Lots of Questions Worth Pondering

This weekend, our new Center for Civic Literacy hosted the first annual meeting of its National Advisory Committee–scholars and educators from around the country who are focused upon civic education. Our goal  was to emerge from the meeting with a more focused research agenda: a better grasp of what we do and don’t know and a clearer idea of the most urgent unanswered questions about America’s “civic deficit.”

It will take me several weeks to absorb everything I heard, but here–in no particular order–are some of the questions and observations that struck me as particularly weighty during our various sessions.

  • Can we say with any assurance that more and better information changes attitudes and behaviors? Educators certainly hope so, and marketing professionals who research advertising tell us that the more informed a consumer is, the more resistant she is to misleading framing in sales pitches, but we don’t know the extent to which information has this effect in more value-laden venues.
  • How do we inculcate what used to be (quaintly) called civic virtue? If–as one participant observed–American citizens have largely been transformed into consumers, where does that leave old-fashioned notions of civic duty?
  • How do we explain to the general public that civic literacy and civic skills are not simply concerned with affairs of government? Indeed, how do we achieve some measure of consensus about what such literacy and skills include? What is the content–the basic, minimal information– a citizen of 21st Century America needs in order to understand and navigate his environment?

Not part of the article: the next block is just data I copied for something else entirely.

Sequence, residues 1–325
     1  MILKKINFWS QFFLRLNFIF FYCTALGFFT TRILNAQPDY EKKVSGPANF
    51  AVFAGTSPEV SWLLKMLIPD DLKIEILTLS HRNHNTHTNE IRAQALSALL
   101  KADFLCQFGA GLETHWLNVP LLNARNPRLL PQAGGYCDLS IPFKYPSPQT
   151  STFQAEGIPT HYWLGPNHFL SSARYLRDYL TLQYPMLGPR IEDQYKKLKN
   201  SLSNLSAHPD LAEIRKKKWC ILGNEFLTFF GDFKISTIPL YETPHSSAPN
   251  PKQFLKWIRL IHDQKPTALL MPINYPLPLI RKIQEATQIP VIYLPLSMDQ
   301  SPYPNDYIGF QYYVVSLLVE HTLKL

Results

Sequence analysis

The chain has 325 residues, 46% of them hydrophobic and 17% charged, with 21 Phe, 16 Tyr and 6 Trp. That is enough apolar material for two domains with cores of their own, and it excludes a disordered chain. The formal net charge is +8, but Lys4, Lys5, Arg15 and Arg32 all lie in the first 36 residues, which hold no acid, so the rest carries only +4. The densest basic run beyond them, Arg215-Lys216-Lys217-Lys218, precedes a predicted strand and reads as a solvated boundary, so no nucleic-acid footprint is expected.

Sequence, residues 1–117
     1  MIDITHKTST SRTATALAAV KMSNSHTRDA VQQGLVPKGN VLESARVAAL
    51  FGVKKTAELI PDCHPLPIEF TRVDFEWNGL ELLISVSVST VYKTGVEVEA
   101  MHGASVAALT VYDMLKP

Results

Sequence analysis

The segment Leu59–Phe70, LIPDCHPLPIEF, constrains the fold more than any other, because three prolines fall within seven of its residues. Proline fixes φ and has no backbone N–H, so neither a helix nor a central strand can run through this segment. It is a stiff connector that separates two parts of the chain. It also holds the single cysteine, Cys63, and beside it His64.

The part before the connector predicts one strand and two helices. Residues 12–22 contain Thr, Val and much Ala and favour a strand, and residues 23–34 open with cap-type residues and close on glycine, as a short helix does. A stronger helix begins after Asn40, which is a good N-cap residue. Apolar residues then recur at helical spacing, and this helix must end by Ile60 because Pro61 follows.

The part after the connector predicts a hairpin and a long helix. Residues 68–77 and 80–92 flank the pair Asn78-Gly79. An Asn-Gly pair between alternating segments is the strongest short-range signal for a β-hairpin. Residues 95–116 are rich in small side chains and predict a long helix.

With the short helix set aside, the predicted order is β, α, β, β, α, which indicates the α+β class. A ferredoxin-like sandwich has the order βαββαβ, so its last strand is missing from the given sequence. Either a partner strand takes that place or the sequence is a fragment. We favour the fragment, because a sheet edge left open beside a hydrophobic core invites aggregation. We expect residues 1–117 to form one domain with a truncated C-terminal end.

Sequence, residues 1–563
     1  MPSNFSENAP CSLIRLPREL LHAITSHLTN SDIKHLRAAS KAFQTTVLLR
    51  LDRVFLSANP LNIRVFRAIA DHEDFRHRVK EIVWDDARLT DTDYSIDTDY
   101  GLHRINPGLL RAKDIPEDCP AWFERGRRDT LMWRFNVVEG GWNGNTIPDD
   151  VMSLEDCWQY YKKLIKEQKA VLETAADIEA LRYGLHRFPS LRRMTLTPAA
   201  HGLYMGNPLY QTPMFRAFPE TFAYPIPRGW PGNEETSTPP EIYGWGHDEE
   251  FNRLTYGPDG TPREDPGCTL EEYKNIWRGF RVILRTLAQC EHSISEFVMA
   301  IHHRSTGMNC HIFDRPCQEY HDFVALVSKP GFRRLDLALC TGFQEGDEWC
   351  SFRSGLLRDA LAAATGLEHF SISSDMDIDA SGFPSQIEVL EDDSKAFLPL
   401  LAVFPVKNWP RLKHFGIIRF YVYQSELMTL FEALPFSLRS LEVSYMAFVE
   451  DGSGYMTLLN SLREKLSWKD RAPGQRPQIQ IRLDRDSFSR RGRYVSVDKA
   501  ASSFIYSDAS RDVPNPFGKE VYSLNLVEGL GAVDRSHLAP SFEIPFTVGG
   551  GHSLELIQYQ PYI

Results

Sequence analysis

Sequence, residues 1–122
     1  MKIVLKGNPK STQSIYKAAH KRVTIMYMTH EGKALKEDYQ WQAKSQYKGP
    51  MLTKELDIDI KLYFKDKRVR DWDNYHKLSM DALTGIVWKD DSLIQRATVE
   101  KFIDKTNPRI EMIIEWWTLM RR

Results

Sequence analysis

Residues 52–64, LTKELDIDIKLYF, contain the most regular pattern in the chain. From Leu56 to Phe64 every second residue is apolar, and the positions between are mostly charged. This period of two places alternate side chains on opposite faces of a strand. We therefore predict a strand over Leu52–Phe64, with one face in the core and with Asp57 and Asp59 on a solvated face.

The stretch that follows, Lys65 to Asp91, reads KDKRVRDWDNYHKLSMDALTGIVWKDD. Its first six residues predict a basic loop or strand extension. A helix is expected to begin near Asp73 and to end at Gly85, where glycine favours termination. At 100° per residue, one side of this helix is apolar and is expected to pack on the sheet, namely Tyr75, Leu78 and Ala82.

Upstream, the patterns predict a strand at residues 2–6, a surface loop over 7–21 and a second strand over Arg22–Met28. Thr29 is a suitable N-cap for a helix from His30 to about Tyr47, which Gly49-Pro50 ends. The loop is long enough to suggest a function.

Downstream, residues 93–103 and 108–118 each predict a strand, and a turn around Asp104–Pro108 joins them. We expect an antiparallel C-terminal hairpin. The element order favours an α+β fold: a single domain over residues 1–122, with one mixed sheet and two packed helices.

• How is the teaching of civic information and skills informed by the concept of civic identity?
  • Should teaching students how to evaluate the mountains of information and misinformation supplied by the Internet be considered a civic skill?

Perhaps the most penetrating question came from an eminent professor of Social Work, who asked “To what end are we engaging in civic education? What is the desired outcome? If we were wildly, improbably successful, how would the world change?”

How, indeed?


  1. Back in the 60’s when I was in HS & University, there was also talk of how Corporations were to be good citizens as well. There was an ethic of aiding the city, state and country … to be a force for good as well as generating profits.
    In a recent story I saw that the US public donates more money per capita than in any other major country. Sadly, a lot of that goes to scam charities. BUT…it shows that we are still a people that WANTS to do right by our fellow man. Hopeful.

  2. I must add another old adage to the subject of this blog, “Waste not, want not.” Civic education does not require the IQ of a rocket scientist to understand; civic duties begin in the home at a basic level and should progress from that point. Getting the public to read and comprehend the vast amounts of information we are inundated with on a daily basis seems to have become a monumental task. Good luck!

  3. I feel compelled to ask a question and make a comment: Who was there and were they representative of who America is as a nation? And, please tell me someone answered the question posed by the “eminent professor of social work”

  4. Obviously, fifty people could not represent the diversity of America, but those in attendance focused substantially on that diversity–on the opportunity gap, and issues of power/powerlessness. And we did respond to the eminent professor’s question. In brief (and very few of us WERE brief, unfortunately!), if we were able to dramatically raise the level of civic literacy in America, the hypothesized result would be a national conversation within our constitutional culture. Not agreement or uniformity, but a conversation within a shared reality, with more concern about defining and defending the common good. In short, Americans would share a language.

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